In English, many things are named after a particular country – but have you ever wondered what those things are called in those countries?
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- Another flavouring agent was alecost, Chrysanthemum balsamita, a plant from western Asia related to tansy which was brought to England sometime in the sixteenth century.
- Many herbs can help to deter flies, such as lavender, sweet woodruff, lemon verbena, star anise, tansy, any of the mints, rosemary, bay, chamomile, rue, elder, southernwood and basil.
- Plant tansy or basil around the patio and house to repel mosquitoes.
- It is home to hundreds of species of wildflowers and grasses - including the tansy, meadowsweet, poppy, vetch and marigold - a host of butterflies, insects and beetles, and birds of prey such as the owl and kestrel.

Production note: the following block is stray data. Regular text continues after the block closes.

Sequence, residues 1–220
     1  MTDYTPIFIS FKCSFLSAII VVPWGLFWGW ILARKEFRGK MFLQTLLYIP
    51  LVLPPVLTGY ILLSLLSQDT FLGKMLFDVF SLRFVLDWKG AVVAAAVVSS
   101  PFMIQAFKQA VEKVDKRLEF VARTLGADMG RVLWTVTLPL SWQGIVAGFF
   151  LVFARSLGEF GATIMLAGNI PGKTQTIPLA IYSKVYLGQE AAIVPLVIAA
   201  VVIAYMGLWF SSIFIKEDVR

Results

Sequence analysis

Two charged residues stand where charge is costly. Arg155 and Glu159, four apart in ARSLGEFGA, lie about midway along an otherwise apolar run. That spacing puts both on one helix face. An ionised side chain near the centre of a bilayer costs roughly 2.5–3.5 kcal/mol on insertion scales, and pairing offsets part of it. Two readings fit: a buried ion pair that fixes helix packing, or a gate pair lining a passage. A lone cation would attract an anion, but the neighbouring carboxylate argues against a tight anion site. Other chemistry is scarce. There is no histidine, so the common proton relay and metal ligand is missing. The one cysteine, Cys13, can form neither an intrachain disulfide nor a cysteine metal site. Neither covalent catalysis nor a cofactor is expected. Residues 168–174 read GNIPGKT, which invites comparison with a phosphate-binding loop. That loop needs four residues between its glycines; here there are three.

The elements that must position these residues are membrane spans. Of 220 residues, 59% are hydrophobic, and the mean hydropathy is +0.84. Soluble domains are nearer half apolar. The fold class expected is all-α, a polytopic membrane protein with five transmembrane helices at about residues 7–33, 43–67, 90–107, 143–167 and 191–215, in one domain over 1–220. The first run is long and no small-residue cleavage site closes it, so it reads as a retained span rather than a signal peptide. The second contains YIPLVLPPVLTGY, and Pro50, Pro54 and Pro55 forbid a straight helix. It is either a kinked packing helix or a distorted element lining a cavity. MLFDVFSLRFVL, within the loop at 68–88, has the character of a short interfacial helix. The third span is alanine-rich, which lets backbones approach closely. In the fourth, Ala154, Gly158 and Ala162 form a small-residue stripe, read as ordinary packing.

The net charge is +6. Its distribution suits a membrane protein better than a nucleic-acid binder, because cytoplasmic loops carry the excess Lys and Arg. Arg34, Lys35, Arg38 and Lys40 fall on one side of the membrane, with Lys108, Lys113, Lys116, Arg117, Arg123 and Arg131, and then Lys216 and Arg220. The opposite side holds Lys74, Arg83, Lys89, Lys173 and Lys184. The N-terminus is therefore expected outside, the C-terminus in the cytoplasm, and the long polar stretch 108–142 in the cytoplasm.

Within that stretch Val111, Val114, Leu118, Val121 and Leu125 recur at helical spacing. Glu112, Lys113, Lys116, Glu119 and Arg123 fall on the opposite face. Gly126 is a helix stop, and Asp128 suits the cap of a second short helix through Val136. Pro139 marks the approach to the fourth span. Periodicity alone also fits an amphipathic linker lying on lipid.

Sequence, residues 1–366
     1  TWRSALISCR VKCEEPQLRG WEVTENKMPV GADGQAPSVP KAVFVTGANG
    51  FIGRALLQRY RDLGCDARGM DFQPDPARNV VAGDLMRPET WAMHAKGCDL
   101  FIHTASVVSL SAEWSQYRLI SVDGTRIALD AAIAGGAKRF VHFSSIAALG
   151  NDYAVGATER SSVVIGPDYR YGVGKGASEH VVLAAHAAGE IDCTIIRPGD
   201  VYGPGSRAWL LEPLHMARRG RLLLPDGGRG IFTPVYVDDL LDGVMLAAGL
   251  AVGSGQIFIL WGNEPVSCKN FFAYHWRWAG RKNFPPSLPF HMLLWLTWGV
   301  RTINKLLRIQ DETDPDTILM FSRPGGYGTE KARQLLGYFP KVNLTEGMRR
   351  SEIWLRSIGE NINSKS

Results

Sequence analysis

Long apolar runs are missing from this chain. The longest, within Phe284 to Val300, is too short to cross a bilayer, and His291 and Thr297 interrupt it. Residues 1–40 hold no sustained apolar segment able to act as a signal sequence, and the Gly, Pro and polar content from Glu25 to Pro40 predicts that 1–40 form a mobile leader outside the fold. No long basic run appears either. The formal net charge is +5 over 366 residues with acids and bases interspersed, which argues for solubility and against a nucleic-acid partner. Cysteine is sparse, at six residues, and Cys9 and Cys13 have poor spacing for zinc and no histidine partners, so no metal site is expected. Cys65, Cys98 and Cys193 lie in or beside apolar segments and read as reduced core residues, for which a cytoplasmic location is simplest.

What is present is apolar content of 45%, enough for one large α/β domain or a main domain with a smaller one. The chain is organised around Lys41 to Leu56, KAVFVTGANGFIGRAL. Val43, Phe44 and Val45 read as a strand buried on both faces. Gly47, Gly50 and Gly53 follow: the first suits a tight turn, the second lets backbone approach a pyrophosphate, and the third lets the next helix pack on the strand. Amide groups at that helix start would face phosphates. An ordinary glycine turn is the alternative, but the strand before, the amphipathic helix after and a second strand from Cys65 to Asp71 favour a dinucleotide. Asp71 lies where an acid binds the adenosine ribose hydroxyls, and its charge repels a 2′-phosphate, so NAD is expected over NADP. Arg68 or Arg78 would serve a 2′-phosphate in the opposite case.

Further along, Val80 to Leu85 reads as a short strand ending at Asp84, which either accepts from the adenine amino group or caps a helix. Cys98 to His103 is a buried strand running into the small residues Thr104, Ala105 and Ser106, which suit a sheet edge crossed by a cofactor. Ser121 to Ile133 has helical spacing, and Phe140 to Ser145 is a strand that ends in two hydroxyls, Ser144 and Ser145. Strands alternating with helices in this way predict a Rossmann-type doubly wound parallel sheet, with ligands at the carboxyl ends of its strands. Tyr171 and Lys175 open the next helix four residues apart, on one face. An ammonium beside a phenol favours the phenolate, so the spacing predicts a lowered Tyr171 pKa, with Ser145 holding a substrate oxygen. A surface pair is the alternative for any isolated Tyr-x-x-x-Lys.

- This is how you pull tansy: plant your feet wide, bend your knees at a 90-degree angle, grasp the trunk of the tansy ragwort plant near the base, take a deep breath, and pull with everything you've got.
English has borrowed many of the following foreign expressions of parting, so you’ve probably encountered some of these ways to say goodbye in other languages.
Many words formed by the addition of the suffix –ster are now obsolete - which ones are due a resurgence?
As their breed names often attest, dogs are a truly international bunch. Let’s take a look at 12 different dog breed names and their backstories.